Tags: employment

No Quick End in Sight to Worsening U.S. Job Cuts

Friday, 05 Dec 2008 01:42 PM

The United States experienced its sharpest drop in employment in more than three decades last month, and there is no end in slight to the bloodletting as corporations search for ways to cut costs, executives said.

The news that American employers had shed far more workers than expected last month -- cuts made even before this week's confirmation that the nation has been in recession for a year -- drove down stocks in the United States.

"This clearly demonstrates that the decline is accelerating," said Tig Gilliam, chief executive of North American operations for Adecco SA, the world's biggest staffing firm. "It looked midyear like maybe things would get a little bit better, and now the numbers are just dropping dramatically."

The Labor Department said U.S. nonfarm employers dropped 533,000 workers in November, a steeper fall than the 340,000 decline that economists surveyed by Reuters had expected. It marked the biggest tumble since December 1974 and means the economy has lost some 1.9 million jobs this year.

The cutting continued on Friday, with U.S. companies including General Motors Corp, asset manager Legg Mason Inc, auto parts supplier Gentex Corp, BMC Software Inc and Sonoco Products Co announcing new layoffs.

Earlier this week, such blue-chip companies as AT&T Inc , DuPont Co, United Technologies Corp and General Electric Co said they planned to shed workers as they look for ways to cut their costs.

The range of companies cutting jobs shows the economic contagion that started with the collapse of the U.S. subprime mortgage market, went on to knock the legs out from under the nation's home prices and sparked a global credit crunch is hammering all sectors of the economy.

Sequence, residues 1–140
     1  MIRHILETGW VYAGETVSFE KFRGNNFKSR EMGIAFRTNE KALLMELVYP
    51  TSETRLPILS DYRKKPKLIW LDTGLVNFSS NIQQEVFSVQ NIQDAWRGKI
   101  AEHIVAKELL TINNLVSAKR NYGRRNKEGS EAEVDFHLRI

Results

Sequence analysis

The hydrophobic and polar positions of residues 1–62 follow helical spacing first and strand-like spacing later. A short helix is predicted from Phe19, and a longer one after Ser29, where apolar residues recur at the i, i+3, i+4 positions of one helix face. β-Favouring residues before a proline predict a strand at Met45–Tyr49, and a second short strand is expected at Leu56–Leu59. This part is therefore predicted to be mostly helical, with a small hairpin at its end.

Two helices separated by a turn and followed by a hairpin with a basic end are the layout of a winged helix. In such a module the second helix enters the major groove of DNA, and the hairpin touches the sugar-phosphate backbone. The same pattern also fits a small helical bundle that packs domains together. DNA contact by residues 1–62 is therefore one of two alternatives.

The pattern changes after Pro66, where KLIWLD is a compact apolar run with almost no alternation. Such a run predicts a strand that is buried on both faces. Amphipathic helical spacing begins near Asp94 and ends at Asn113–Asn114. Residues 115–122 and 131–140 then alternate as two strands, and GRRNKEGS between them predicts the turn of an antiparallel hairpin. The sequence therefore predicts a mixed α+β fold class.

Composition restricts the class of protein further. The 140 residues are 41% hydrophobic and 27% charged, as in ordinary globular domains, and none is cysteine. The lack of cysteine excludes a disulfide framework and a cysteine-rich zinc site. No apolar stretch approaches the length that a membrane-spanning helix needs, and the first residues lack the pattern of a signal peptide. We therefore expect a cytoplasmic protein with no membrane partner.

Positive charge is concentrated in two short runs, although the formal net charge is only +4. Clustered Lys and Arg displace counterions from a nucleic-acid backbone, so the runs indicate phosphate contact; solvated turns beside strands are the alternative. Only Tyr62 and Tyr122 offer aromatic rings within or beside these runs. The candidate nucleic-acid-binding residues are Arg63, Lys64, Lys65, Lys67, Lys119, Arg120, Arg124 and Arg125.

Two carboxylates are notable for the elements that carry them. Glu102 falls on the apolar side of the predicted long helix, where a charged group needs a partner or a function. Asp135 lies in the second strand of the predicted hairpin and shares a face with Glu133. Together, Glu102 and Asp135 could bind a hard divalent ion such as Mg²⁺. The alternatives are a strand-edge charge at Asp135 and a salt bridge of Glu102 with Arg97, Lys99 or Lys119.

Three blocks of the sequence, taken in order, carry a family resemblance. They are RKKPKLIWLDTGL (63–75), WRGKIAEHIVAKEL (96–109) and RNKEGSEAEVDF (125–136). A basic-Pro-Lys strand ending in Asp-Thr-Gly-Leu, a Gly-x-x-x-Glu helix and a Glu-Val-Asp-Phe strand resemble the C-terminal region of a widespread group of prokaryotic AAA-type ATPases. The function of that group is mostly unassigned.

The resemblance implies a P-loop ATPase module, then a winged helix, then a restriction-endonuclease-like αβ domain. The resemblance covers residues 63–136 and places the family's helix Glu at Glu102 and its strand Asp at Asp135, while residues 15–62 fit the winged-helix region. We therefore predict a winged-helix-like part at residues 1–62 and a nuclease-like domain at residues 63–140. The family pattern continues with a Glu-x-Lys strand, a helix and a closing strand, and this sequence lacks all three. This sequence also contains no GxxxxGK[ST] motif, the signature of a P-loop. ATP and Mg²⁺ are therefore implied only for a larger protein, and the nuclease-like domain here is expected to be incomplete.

BLEAK DECEMBER

As Americans prepare for Christmas, typically a season of spending as shoppers buy presents and entertain, more working people may be facing the bleak prospect of holiday unemployment as corporations make cuts before closing their year-end books.

"It's hard to gauge where the bottom is," said Sheldon Schur, vice president at Manpower Inc, the world's No. 2 staffing company. "It will be interesting to see what happens in the first quarter, because December will be another large job-loss month. We're going to see a lot of employers continue to shed to position themselves for 2009. And the bigger question will be what happens in January and February."

Even Americans who feel secure in their own jobs are growing increasingly worried about the deepening downturn.

"I'm very stressed," said Janet Segal, 53, who works for a Boston consulting firm. "I think that I'm OK at work right now, but my husband is an attorney for a Boston law firm and he's getting very worried. We just learned yesterday that they had laid one person off."

She said that her husband had planned to work at least three more years, until he turned 65, and fears that he would not be able to find another job if he lost his current position -- not an appealing proposition at a time when her 401(k) retirement investment account is down 30 percent.

"We're pretty frugal, but we'll have to find ways to be more frugal," Segal said.

The spreading layoffs are having a chilling effect on consumer sentiment, threatening to further throttle back spending, which will ripple across an economy that is heavily dependent on consumers.

Roger Hammons, a 42-year-old accountant, said that even though he was not worried about his own job security, he is avoiding making big purchases.

"Overspending got us to where we are now," Hammons said.

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The United States experienced its sharpest drop in employment in more than three decades last month, and there is no end in slight to the bloodletting as corporations search for ways to cut costs, executives said.The news that American employers had shed far more workers...
employment
588
2008-42-05
Friday, 05 Dec 2008 01:42 PM
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